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Deal with state leads to illegal trash clean-up
Agreement comes after landfill cited by state for violations
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Barton County Office Buildings will be closed Wednesday in observance of the New Year’s holiday. The Records Division of the Sheriff’s Office, the Health Department and the Landfill will be closed at this same time.  Emergency services will be in normal operation.

In an agreement with state health officials, county crews will clean up illegal trash dump sites in lieu of paying a fine for minor infractions at the Barton County Landfill. The Barton County Commission signed off on the deal when it met Monday morning.
In May, the Solid Waste Management Department was cited by the Kansas Department of Health and Environment Bureau of Waste Management  for a violation at the household waste cite. There were also some bookkeeping issues.
As a result, the state fined the county $8,000. However, “we were able to negotiate a consent agreement,” said County Administrator Richard Boeckman.
This involves the remediation of nine illegal dump sites across the county. The total estimated cost for this work is $10,571, with the cost of each site ranging from $5,000 to $300.
As a gesture of good faith, Boeckman said he wanted the cost of the clean-up effort to exceed the cost of the fine. Where as the fine only benefited the state, this work also helps the county.
Boeckman said KDHE actually prefers such “Supplement Environmental Projects.”
At the time of their first visit, state inspectors noted there was no evidence that pumps used to remove water were functioning.
According to the BWM, These landfills sit atop a layer of compacted soil beneath a dense plastic liner. Although pretty impermeable, water can squeeze through into the groundwater.
So, federal law requires that there be no more than 12 inches of water standing in such sites. More water creates more pressure which can force moisture through the barrier.
There is some leeway and a few more inches won’t make that much difference, the BWM reported. But, officials had to set a standard.
A subsequent inspection found that all the problems had been corrected and there were no lingering affects of the violations.
Solid Waste Manger Mark Witt and Environmental Manager Judy Goreham were also involved in the project.
“I think this is a great solution,” Commission Chairman Don Cates said.
In other business Monday Morning, the Barton County Commission:
• Approved a 25-cent-per-hour pay increase for most county employees. The 2014 Barton County Operating Budget was adopted with the raise in mind. Included in the raise are elected officials and county commissioners.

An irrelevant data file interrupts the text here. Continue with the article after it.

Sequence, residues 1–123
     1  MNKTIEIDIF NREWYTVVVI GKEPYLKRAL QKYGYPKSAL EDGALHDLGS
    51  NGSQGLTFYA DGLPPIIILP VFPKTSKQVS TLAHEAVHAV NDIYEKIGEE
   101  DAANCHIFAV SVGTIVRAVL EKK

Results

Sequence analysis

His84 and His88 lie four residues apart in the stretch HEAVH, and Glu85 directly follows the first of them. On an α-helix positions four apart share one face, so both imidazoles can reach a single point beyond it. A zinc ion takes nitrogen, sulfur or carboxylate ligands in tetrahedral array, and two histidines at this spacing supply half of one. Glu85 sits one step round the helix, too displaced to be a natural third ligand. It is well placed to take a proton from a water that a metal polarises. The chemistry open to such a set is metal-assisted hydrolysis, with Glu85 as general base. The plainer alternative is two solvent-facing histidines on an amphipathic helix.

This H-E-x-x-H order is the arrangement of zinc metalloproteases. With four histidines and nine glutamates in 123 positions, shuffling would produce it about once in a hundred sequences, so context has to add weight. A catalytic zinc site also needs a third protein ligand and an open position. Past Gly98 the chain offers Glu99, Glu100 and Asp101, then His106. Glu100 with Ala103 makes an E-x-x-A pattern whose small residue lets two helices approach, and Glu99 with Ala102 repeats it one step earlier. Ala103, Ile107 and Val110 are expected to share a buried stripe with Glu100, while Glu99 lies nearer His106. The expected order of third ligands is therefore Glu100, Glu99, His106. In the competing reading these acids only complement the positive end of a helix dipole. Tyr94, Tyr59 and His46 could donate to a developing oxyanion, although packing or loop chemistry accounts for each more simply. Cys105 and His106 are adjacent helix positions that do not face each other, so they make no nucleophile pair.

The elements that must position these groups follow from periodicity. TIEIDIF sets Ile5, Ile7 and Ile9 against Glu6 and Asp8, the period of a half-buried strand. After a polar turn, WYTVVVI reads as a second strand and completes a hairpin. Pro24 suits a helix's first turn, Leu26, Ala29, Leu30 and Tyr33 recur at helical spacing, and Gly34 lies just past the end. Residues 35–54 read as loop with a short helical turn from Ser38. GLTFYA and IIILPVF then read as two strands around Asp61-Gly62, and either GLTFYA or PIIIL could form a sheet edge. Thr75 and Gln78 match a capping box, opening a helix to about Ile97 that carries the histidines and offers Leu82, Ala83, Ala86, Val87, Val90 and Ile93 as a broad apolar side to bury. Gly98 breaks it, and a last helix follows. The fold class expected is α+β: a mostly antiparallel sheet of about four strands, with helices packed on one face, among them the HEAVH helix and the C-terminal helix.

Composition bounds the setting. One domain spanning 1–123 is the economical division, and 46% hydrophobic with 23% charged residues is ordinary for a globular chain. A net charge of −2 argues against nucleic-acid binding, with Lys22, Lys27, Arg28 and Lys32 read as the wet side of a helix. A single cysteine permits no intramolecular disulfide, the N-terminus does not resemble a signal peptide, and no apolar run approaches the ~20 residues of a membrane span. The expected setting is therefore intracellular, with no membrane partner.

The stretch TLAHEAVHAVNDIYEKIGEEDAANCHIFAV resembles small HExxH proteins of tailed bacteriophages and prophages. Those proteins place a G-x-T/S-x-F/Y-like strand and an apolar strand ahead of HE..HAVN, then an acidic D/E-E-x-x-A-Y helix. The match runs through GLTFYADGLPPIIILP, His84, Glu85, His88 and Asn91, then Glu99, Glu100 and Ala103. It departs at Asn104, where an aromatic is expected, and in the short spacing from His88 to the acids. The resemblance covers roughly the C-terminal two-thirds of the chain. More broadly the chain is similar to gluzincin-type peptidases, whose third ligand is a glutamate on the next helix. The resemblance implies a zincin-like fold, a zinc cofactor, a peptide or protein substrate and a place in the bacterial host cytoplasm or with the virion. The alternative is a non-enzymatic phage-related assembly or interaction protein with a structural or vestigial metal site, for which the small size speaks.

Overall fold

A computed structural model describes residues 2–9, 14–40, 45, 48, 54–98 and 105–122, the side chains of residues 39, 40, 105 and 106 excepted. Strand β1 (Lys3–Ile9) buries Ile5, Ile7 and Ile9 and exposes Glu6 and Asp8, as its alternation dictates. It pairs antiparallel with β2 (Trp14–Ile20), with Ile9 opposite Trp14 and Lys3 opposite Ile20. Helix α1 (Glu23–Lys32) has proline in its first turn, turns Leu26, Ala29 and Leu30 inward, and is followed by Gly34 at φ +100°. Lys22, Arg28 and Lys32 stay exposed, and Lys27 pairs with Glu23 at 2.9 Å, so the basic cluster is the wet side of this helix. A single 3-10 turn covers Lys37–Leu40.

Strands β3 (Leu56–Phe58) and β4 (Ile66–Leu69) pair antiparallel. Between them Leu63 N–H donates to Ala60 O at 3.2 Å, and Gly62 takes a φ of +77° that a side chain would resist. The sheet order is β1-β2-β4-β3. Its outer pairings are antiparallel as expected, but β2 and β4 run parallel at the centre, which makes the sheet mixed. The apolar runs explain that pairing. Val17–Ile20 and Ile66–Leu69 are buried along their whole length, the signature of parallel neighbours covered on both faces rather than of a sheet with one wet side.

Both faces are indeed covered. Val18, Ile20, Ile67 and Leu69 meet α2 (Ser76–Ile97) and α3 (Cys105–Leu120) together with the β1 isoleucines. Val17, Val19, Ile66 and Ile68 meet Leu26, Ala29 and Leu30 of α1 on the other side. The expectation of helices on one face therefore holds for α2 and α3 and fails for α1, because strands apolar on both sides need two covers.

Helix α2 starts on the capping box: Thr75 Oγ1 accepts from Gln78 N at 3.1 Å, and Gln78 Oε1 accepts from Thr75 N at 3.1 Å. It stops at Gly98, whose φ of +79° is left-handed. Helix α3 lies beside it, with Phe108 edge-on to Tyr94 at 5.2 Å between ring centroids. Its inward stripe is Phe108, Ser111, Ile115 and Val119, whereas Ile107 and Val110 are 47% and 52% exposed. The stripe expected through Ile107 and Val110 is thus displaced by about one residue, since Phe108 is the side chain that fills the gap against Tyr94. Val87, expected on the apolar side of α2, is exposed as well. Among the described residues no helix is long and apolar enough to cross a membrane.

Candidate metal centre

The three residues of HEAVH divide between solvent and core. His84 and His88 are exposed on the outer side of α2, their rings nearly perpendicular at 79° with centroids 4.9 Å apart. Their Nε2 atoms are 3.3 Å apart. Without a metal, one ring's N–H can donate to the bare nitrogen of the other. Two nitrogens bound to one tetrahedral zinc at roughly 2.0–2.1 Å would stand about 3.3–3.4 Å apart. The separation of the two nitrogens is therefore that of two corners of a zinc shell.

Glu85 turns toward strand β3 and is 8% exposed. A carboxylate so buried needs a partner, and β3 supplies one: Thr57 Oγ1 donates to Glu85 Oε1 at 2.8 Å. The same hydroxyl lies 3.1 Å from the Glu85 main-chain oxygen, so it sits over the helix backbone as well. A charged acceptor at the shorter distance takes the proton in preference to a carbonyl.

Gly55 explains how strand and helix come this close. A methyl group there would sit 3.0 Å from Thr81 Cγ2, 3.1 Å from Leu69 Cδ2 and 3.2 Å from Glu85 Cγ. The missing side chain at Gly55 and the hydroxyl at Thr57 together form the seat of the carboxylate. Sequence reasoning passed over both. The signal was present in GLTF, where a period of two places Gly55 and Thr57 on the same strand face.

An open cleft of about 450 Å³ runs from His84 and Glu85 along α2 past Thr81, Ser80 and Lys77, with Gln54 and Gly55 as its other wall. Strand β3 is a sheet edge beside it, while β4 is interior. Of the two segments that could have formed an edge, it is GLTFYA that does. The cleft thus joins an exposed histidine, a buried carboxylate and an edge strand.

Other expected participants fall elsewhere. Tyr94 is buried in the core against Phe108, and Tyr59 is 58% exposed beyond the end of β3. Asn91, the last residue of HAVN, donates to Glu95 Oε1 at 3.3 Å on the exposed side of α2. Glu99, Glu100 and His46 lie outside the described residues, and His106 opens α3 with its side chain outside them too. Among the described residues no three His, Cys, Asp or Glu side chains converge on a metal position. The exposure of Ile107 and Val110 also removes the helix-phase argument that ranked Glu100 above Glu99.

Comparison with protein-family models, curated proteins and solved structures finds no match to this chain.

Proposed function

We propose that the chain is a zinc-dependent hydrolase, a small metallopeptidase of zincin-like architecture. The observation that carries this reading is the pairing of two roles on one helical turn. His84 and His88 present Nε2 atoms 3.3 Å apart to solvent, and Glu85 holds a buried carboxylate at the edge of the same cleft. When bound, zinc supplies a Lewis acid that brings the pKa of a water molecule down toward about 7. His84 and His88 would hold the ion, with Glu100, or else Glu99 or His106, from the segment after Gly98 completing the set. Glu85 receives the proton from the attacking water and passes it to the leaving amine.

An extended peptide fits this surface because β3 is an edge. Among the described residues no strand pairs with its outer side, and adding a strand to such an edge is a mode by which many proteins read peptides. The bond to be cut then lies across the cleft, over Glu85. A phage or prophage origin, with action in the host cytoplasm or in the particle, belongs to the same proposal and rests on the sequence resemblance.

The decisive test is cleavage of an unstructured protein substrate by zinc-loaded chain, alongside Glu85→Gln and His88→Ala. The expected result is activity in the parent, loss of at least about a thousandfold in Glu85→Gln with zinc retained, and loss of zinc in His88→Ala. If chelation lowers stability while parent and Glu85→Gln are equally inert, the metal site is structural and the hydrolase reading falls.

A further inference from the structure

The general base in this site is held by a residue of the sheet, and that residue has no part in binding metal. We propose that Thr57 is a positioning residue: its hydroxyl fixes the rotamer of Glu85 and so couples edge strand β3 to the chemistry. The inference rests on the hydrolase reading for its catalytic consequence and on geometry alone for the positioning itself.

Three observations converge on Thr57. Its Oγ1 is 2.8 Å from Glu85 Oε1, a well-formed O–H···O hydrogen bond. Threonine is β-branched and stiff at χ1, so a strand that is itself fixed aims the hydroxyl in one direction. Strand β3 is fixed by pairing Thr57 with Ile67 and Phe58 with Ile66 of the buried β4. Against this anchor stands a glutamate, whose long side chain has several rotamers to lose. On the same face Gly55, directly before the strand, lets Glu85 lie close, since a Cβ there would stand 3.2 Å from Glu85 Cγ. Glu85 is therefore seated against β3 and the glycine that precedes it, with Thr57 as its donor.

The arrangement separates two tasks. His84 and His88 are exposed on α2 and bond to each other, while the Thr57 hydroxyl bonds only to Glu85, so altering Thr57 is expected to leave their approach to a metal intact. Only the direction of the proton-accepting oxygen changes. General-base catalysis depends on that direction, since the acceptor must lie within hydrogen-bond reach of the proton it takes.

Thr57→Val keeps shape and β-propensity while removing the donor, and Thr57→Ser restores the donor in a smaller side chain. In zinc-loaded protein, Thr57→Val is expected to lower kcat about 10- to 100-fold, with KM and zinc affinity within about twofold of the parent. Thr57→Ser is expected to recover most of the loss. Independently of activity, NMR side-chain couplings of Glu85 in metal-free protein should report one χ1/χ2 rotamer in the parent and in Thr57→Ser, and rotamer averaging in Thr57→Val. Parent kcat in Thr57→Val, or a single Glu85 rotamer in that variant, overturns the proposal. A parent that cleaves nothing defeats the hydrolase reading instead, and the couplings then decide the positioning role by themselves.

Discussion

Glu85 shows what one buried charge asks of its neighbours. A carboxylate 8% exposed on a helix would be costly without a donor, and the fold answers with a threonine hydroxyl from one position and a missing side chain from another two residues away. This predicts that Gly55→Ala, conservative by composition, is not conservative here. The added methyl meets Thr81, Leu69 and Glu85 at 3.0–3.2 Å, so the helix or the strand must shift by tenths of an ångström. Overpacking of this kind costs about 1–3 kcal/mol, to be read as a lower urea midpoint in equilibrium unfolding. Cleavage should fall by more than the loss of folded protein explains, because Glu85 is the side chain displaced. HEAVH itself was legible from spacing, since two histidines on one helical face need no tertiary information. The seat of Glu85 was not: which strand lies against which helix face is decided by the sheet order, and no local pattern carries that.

• Approved Emergency/Risk Manager Amy Miller for a two-year term as the county representative on the South Central Regional Council for Homeland Security. The council is one of seven regional councils in Kansas and includes 19 counties. It supports statewide all-hazard preparedness, and helps divvy up Homeland Security grant funds. In the past, these funds have helped establish a 911 backup center at Hutchinson, and purchase bomb equipment and emergency trailers. Miller has served since 2006. 
• Appointed Cates, Miller, local Red Cross volutneer Don Halbower, Ellinwood Fire Chief Chris Komarek, Sunflower Diversified Services Sarah Krom, county Road and Bridge Director Dale Phillips, Witt and Great Bend Municipal Airport Manager Martin Miller to the Barton County Local Emergency Planning Committee. LEPC is comprised of representatives from the following groups: state/local officials; law enforcement; firefighting; emergency management; health; hospital; broadcast media and/or communications media; transportation; local environmental group; community service/civic group; emergency medical services; and facilities/industries regulated by SARA Title III. Miller said  the names will be forwarded to the statewide organization.
• Approved a rezoning request from Jerry Wirtz for a portion of his 166.4 acre parcel located south and slightly east of the Dartmouth Elevator between Great Bend and Ellinwood. The area to be rezoned is a tract of approximately 3.6 acres being a part of 675 East Barton County Road. On Dec. 10, the Barton County Planning Commission unanimously recommended the reclassification from agricultural district to light manufacturing – service commercial district, Goreham said the change was requested so Wirtz’s son Ryan could expand his business, Outlaw Tank Service, located on the land.